by Robert Lopresti
I have been polishing up a piece of fiction and last week the editor sent me a
note, which I am paraphrasing: "You use italics too much. It's
like you don't have faith the reader will get it."
Well, that was a surprise. No one had ever said that to me before.
But to be honest I seldom get criticism from editors. Rejections,
sure. But usually the only helpful hint is, "It's compelling but
doesn't meet our current needs," which I assume translates, "This thing
could cause seizures in goats."
So I was grateful for an actual functional suggestion. I looked
over my piece and there were indeed a lot of italics. They seemed
to serve many purposes. To demonstrate, consider this freshly invented paragraph.
"Like a production of Macbeth on the Titanic, Jack's day was turning into a bloody disaster. How do I get out of this one? He looked ahead and gasped. 'I wasn't expecting you.' Now things were getting really bad."
That's five different uses of italics, way too many for a single
paragraph of course, but are any of them problematic in
themselves? Macbeth is italicized as a standalone work of literature. (Book
titles, music CDs, and TV series are italicized; short stories, songs, and TV
episodes get quotation marks. I spend a lot of time explaining
this to college students.) Proper names of vehicles, like Titanic, also get the italics treatment.
The third example, a full sentence, is using italics to indicate a
character's thought. I could have said "'How I get out of this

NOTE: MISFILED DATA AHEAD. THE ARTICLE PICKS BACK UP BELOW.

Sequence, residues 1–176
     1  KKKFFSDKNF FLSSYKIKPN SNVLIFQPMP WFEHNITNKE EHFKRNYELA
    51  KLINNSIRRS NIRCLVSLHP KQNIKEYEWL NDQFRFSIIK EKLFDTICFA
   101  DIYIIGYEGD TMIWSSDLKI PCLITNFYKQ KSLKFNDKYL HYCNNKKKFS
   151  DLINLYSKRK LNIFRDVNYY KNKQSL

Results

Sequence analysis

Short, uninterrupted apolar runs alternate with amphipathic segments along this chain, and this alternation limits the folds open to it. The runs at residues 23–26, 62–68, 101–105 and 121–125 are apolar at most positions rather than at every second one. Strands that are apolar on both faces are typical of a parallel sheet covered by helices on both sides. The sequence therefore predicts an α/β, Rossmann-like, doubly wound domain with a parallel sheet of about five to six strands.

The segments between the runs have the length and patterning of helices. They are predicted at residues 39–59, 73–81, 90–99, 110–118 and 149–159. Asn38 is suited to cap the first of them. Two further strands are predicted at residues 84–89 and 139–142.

one?' Jack wondered," but it seemed better the other way. Didn't
"I wasn't expecting you," is trying to capture how people talk, and to make it clear that Jack was expecting someone else, not failing to expect anyone.
Then we get to "getting really bad..." which may be the dodgiest of the lot. It is
emphasizing a word that describes Jack's thinking but is not part of
So, do you agree some of these should go? Which ones? And how do you feel about italics in general?
But before I deposit you in the Comments Department, I have a few more things to say about italics.
In the wonderful book Just My Type
Simon Garfield reports that italics were probably invented by a goldsmith named Francisco Griffo around 1500. He wasn't trying to
emphasize words, just save space on the page.
A few months ago I found myself editing two stories for different
markets. At precisely the same time I was changing the italics in
one story to underlines, and the underlines in the other story to
italics. It seems like the industry could agree on one standard,
Of course, in modern publishing underlining began as a way to indicate italics on
a typewriter that didn't have them. So maybe there is no need for that anymore. But to my elderly eyes, underlining is easier to spot
on a typed page than italics. Again, what do you think?
And now, I'm out of here.